For the trip to New York two Jefferson Transportation buses were chartered and one Skellet truck for baggage. The singers left Northfield on June 3rd, and on one of the last days before the departure, the college faculty gave a farewell reception which was thoroughly appreciated by all choir members. For the next twenty-five days the schedule called for a concert each day, the last one in Brooklyn, N. Y., on the evening before embarking on the transatlantic liner. The route followed by the buses took the choir through southern Wisconsin, Illinois, Indiana, Ohio, New York, and Pennsylvania and many interesting places were visited. The boys frequently played baseball in the afternoon and there was considerable friendly rivalry between two teams that had been chosen. Swimming was also a favorite pastime and quite frequently picnic lunches were arranged instead of stops in restaurants for the noonday meal. On the morning of the sailing date, June 28, our two buses picked us up at the hotel, drove to the waterfront, and out on the pier alongside the Stavangerfjord. The wives of our two drivers had come to Brooklyn by train to accompany their husbands back to Minneapolis. They were with us on the buses on the drive to the pier and before they left us, arrangements were made to take the two drivers and their wives aboard to be guests of the choir at the noonday meal in the ship’s diner. This was a very enjoyable occasion, for a splendid meal with smorgasbord was served. It may be mentioned that one of the drivers is still with the Jefferson Transportation Company but no longer as a bus driver; for he has been promoted and for some years now has been traveling passenger representative.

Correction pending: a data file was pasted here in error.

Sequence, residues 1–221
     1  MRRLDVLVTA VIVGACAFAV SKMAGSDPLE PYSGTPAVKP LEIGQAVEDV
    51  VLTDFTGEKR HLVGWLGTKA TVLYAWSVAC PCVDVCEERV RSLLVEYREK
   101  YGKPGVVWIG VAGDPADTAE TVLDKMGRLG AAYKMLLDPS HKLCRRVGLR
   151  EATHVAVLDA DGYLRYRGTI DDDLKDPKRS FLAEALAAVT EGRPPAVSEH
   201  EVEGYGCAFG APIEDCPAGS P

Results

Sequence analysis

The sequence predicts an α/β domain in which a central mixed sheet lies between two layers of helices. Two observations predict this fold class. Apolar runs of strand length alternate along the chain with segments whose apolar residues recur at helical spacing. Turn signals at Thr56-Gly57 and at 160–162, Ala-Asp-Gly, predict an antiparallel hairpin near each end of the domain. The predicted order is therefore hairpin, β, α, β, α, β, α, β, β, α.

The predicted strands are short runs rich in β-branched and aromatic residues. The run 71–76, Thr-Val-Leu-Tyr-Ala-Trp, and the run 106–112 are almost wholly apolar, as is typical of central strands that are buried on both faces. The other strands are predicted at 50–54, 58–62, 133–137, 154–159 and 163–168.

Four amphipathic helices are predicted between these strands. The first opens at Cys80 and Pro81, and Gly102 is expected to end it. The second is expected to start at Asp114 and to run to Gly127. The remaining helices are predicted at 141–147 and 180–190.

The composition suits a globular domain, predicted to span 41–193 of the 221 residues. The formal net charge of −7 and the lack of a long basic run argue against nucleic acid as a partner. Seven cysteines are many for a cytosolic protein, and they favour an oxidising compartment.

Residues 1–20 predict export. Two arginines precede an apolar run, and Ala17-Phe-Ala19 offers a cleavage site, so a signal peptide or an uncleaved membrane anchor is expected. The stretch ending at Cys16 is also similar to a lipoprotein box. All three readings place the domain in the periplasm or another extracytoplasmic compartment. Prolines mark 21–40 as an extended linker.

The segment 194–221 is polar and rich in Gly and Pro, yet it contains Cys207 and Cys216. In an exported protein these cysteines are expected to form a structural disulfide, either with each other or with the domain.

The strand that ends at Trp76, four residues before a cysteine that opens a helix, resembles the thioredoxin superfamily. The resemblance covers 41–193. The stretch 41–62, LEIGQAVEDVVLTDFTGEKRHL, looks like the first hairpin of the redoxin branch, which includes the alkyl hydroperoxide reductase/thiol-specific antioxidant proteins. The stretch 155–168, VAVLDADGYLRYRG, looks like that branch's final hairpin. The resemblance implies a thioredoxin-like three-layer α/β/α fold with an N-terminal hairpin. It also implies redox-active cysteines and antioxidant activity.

As already mentioned, this sailing of the Stavangerfjord was the official sailing from America to the celebration in Norway, and of course all available space on the boat had been sold. Most of the choir members were assigned berths in second cabin class, a few in first class.